Another potential property for development is Palm Meadows, the 304-acre training center north of Gulfstream in Boynton Beach that Magna built for $90 million in 2003.

In Maryland, Laurel Park is halfway between Baltimore and Washington, an area that has been built up extensively over the past 10 years. Pimlico, on the other hand, is in a depressed area of Baltimore. The value of the two tracks, which are struggling to break even, depends on whether slot machines will be legalized and, if so, how the revenues would be divided. According to a Maryland racing official who spoke on the condition of anonymity because of his close ties to Magna, any bill to legalize slot machines is not expected to be generous to the racetrack owners, who have made as many enemies as friends during aggressive lobbying campaigns to get approval for the machines.

"The problem is that [Magna is] not going to be able to call the shots on that bill," the official said, adding that he believed the chances were good for slot machines to be legalized either this fall or early next year because of an expected $1.5 billion budget shortfall in the state.

Golden Gate Fields is another matter. The Northern California market is in disarray, with Golden Gate's sister track, Bay Meadows, expected to be open for only another year or two. Frank Stronach, the founder of Magna Entertainment, acknowledged during a conference call Thursday that Golden Gate's value as a racetrack was "not in line" with its value as real estate, indicating that Magna may be seriously considering unloading the track no matter what the consequences for racing on the circuit.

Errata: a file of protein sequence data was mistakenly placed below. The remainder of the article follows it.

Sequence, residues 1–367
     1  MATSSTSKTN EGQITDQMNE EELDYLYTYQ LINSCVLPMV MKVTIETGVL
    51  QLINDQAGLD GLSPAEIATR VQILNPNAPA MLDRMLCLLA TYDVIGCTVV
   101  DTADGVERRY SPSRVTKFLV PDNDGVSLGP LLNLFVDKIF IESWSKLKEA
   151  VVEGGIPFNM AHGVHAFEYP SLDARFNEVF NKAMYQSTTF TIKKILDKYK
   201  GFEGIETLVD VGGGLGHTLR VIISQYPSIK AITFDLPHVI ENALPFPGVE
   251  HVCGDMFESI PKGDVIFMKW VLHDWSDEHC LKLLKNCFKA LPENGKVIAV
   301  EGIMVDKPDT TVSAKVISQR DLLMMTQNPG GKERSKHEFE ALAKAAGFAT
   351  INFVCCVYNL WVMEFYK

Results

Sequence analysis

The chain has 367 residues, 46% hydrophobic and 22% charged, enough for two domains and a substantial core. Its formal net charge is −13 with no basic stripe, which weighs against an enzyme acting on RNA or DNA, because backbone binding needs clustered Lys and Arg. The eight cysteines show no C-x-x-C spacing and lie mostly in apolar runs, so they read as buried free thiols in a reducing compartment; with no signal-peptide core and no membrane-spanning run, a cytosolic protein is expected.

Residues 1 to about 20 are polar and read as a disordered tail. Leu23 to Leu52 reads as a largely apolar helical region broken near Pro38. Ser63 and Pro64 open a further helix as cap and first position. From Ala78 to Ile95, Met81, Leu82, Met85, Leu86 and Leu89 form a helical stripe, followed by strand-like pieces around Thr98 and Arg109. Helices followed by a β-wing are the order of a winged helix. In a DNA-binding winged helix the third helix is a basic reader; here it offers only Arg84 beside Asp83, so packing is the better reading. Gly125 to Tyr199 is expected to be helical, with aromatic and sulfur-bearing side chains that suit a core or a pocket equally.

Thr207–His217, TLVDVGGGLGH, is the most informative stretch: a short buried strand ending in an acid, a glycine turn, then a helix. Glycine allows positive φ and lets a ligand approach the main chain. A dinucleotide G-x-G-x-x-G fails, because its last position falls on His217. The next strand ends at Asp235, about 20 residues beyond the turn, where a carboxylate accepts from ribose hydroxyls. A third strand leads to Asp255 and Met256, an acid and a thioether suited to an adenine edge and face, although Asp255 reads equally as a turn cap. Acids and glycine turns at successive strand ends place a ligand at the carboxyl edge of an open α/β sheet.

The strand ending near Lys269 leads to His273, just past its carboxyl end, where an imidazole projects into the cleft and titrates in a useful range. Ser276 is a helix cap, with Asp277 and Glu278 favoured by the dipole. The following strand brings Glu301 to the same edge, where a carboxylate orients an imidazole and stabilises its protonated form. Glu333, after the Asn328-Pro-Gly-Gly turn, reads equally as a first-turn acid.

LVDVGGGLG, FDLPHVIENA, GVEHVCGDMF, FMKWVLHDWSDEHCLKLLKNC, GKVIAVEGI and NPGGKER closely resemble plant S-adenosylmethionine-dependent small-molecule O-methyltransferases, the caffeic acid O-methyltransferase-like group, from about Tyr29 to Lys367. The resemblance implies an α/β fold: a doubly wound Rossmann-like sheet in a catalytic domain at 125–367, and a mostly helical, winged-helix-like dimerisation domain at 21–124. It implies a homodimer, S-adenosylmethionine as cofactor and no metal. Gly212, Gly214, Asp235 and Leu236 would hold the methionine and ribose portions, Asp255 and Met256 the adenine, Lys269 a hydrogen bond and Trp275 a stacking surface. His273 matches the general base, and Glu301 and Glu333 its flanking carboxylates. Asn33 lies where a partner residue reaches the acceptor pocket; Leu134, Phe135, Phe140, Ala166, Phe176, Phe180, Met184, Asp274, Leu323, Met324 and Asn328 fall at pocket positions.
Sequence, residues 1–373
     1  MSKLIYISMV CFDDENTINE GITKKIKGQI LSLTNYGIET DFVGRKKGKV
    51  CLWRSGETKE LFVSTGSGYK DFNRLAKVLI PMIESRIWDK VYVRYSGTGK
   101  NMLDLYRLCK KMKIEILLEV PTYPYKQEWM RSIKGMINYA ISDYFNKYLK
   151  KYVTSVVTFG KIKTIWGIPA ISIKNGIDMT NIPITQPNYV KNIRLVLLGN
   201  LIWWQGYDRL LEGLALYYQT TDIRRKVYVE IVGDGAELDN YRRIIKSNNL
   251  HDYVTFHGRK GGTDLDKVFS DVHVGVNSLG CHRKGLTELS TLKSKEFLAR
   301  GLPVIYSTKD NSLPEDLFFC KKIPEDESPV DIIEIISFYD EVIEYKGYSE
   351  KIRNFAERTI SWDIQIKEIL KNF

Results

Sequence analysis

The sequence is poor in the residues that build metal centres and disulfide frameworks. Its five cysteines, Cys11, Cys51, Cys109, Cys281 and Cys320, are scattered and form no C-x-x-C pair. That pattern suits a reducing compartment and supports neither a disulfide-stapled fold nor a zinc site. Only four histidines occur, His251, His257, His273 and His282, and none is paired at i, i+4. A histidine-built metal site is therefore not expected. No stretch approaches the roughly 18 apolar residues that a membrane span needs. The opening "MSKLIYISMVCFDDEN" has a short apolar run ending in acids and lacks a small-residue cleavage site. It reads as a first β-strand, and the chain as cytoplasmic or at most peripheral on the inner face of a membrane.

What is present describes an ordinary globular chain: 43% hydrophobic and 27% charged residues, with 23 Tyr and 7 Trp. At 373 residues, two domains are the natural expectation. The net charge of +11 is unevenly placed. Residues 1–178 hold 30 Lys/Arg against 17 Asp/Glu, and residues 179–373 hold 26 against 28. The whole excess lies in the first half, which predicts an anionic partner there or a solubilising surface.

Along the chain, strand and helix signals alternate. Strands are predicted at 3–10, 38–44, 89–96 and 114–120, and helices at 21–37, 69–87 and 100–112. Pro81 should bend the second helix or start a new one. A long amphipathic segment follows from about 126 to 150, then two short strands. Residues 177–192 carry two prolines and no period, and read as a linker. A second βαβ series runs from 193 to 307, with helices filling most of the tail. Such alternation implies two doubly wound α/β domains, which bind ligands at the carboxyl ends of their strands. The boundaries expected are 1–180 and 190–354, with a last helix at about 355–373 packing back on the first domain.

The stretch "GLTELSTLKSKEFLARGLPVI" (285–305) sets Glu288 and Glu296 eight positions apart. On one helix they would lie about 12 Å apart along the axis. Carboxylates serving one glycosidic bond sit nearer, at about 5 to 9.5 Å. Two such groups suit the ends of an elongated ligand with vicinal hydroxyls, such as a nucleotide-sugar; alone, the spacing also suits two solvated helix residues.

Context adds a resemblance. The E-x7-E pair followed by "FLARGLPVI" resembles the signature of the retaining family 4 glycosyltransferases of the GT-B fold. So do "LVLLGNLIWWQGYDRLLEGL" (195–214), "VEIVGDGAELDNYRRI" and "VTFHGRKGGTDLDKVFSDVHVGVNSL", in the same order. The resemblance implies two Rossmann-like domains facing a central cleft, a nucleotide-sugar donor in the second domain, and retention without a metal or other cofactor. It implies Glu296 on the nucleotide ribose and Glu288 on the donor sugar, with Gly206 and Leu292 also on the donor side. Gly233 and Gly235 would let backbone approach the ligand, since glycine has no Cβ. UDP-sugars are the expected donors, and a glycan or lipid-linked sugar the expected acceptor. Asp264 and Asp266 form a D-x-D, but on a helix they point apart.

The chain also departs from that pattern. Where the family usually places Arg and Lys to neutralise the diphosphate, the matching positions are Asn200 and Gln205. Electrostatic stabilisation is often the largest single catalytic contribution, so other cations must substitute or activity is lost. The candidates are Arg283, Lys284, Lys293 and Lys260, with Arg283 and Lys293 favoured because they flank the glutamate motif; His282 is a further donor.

Magna officials did not return phone calls on Thursday or Friday, and during the conference call Thursday they declined to give their own valuations of the tracks, citing the company's need to negotiate those prices in confidence, a standard business practice.

Magna officials said they would explore the sale of the company's interests in pending retail developments on small portions of the Santa Anita and Gulfstream properties, but it's unclear what those sales could generate. Magna's contribution to the deals was the use of the land, which could mean that Magna could raise relatively sizable amounts of cash for debt reduction with little racing impact by an outright sale of the lots to the developers, Forest City at Gulfstream and Caruso at Santa Anita.

The problem for Magna is that while any outright or minority sale of its profitable properties will help in reducing debt, the sale of those assets will remove revenues from the company's cash-flow and income statements. In other words, Magna's best strategy to strengthen its balance sheet is its worst strategy to turn the company into a profitable enterprise. Over the past three years, the company has lost $350 million.

Thomas Hodgson, the former Magna chief executive who has been hired to oversee the debt-elimination strategy, said on the conference call Thursday that he was confident the company would be "cash-flow positive" in 2009. The question for the racing industry is how Magna will get there and what toll it will take.